How to recover (or remove) recently deleted files from iCloud Drive —If you’re using iCloud’s Desktop and Documents syncing feature, then you should know that anything you delete from those locations is recoverable for up to 30 days on either iCloud.com or within the Files app on iOS. Here’s how to view those files– or delete them forever.

Most everything to know about Apple TV 4K — The Apple TV 4K (5th generation) shipped on September 22, 2017. The 32 GB model is widely available online at Apple, Apple retail stores and Best Buy – to name a few. Physically, it is very similar to the 4th generation model. The difference is that it has ventilation slots on the bottom. In terms of the connectors on the back, they are exactly the same …

Root vulnerability, Pixelmator Pro, Photoshop tease, Similar Pic Finder, iTunes Connect downtime, Docking Station


Pixelmator Pro for Mac is now available

Apple issues macOS High Sierra update to fix password-less root vulnerability — Apple has released a special security update for macOS High Sierra, solving a recently uncovered flaw which would let people gain root access without entering a password.
The patch, Security Update 2017-001, should be available through the Updates tab in the Mac App Store. After installation, the build number of High Sierra will be 17B1002.
Apple notes that if people require a root user account on their Mac, they can create one and assign a password through System Preferences.
Apple also issued a statement to The Loop on the misstep.

Pixelmator Pro debuts with powerful image editing tools, machine learning tech — The developers behind popular image editing app Pixelmator on Tuesday released Pixelmator Pro for Mac, a new title that takes advantage of Apple APIs like Metal 2 and Core Image to deliver GPU-powered tools, machine learning features and more.
Codenamed ‘Whirlwind,’ Pixelmator Pro was first announced in September as a next-generation Mac image editor with hooks into Apple’s latest graphics platforms, as well as advanced in-house technology designed to turbocharge editing workflows.
Pixelmator Pro version 1.0 requires macOS High Sierra and a Metal-compatible graphics card. The app is available now from the Mac App Store for NZ$89.99/US$59.99 (the consumer version of Pixelmator is NZ$21.99). [Since it has Layer support, I can buy this and drop my damn Adobe subscription …]

Adobe demonstrates future Photoshop tool that uses machine learning to select image subjects — Adobe has teased one of the AI-based features coming to Photoshop in the future, with the ‘Select Subject’ function simplifying the selection of an object, person, or animal in a scene, using machine learning to determine what is likely to be the main focus of an image. [See above … Pixelmator Pro already has Machine Learning, and doesn’t need a subscription. Note that I wouldn’t be so down on Adobe if it didn’t put it’s bloody subscription prices up every six months.]

B-Eng debuts Similar Pic Finder 1.0 for macOS — B-Eng has introduced Similar Pic Finder 1.0, a duplicate image discovery utility for macOS. It tracks down duplicates and copies of pictures. Similar Pic Finder requires macOS 10.10 or later. It costs NZ$2.99/US$1.99 and is available at the Mac App Store.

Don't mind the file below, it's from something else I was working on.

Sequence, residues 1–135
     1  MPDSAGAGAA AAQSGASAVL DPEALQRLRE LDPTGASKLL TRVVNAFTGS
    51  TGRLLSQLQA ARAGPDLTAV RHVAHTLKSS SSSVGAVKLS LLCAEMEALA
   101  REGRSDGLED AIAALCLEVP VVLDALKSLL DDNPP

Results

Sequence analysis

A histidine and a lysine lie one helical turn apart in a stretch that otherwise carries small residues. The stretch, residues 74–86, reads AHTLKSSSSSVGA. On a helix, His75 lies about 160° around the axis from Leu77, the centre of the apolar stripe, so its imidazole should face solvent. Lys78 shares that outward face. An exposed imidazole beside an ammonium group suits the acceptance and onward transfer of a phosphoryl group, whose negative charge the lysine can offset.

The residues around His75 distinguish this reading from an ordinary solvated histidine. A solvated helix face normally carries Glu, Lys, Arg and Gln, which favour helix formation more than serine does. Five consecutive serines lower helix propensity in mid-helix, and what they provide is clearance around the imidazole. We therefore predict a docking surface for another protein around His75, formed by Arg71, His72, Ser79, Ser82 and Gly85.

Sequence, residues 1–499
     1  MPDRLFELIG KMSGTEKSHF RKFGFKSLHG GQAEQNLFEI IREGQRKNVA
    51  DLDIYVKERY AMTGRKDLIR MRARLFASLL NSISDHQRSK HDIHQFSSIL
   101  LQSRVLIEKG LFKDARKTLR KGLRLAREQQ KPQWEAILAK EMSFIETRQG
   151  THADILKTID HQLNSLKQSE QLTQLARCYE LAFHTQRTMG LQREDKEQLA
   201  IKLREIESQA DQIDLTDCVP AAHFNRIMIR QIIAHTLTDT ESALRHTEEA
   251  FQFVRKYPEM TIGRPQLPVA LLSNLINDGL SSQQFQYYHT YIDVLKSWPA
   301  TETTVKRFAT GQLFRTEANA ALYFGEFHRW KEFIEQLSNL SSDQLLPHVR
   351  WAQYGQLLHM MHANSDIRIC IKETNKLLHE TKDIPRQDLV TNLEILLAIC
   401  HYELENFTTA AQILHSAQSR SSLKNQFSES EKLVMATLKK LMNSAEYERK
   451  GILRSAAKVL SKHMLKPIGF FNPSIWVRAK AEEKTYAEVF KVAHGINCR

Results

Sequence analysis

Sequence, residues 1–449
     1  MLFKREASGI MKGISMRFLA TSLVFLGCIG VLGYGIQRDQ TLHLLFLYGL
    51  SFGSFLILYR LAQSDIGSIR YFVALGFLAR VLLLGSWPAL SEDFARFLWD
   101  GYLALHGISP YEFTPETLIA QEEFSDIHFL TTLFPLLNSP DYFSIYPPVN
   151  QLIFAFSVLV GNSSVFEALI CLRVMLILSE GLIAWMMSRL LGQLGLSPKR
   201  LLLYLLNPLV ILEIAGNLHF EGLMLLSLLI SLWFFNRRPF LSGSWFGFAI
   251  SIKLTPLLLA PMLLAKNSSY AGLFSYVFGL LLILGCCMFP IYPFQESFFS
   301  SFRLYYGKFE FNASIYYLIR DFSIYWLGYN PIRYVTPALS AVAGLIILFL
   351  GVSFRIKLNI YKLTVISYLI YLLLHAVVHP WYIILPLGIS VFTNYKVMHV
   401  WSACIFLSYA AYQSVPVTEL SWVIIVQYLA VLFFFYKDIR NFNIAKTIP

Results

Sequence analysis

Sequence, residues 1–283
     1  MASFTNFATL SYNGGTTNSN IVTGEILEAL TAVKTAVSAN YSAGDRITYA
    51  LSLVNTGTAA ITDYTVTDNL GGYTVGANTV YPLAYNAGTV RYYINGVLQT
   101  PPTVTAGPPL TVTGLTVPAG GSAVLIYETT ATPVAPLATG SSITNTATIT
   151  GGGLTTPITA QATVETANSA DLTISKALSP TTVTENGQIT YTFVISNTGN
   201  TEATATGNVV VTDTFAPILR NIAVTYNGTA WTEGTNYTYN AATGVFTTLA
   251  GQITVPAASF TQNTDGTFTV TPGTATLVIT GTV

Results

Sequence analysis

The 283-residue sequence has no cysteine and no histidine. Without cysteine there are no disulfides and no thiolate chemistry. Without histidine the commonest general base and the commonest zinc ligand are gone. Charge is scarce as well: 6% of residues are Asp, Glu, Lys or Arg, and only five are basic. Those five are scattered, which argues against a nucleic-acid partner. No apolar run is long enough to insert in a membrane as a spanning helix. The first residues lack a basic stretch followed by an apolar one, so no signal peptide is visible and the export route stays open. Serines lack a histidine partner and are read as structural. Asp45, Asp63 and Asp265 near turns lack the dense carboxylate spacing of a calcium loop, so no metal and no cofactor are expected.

Apple schedules downtime for iTunes Connect — Apple has scheduled downtime for iTunes Connect from December 23rd-27th, so its employees can celebrate the holidays. iTunes Connect is a suite of web-based tools for managing content sold on iTunes, the iBooks Store, and the various app stores.

IOGEAR Compact USB-C Docking Station with PD Pass-Thru a great accessory — If you have a 12-inch MacBook and find it frustrating that it only packs one USB-C port, consider the US$99.95 IOGEAR Compact USB-C Docking Station with PD Pass-Thru [currently that’s about NZ$145, but check if the power supply works in NZ].
It’s also useful for expanding the connectivity options on the latest MacBook Pros as well. Through a single USB-C connection, it lets you connect monitors, a full-sized keyboard and mouse, external hard drives, printers, webcams and more. Easy to set up, the all-in-one dock serves up a total of 10 ports. The docking station is equipped with memory card readers for SD/MicroSD memory cards for quick access to your data. With two USB 3.0 (Type-A) ports, you can connect an array of USB Type-A peripherals.

Apple’s media plans, Safari mutes, sales continue


(Image from The Outline)

Analyst reckons Apple will spend $4.2 billion annually on original video content by 2022 — Apple will spend $4.2 billion per year on original video content by 2022, according to a report by Loup Ventures analyst Gene Munster [in whom I have title confidence, please note]. If he’s right, that will be a major increase on the $1 billion that the tech giant will purportedly spend in 2018, although the amount is still smaller than Netflix and Amazon’s video budgets.

How to mute and unmute audio in Safari tabs in macOS High Sierra — macOS High Sierra’s Safari lets you mute audio in any open tabs. You can do this right from the Smart Search field, so there’s no need to click through all your tabs to locate the one you want to silence. If you’re viewing a tab that’s not playing audio, the Audio button in the Smart Search field is white with a blue outline. If the tab is playing audio, the Audio button is solid blue.

Sales continue all week at OWC — One of the worlds premium brands for Mac equipment, Other World Computing, is continuing its MacSales.com Black Friday and Cyber Monday sales all week. OWC ships to New Zealand.

New Store for Brooklyn — Apple has announced it will open a new retail store in Downtown Brooklyn. The Brooklyn Apple Store will be located in the 300 Ashland building in the Fort Greene neighbourhood. This is Apple’s second retail store in Brooklyn, the first one being in Williamsburg that opened in July 2016. [A sure sign of gentrification.]

YouTube support channel, IT workaround, Pokémon GO accidents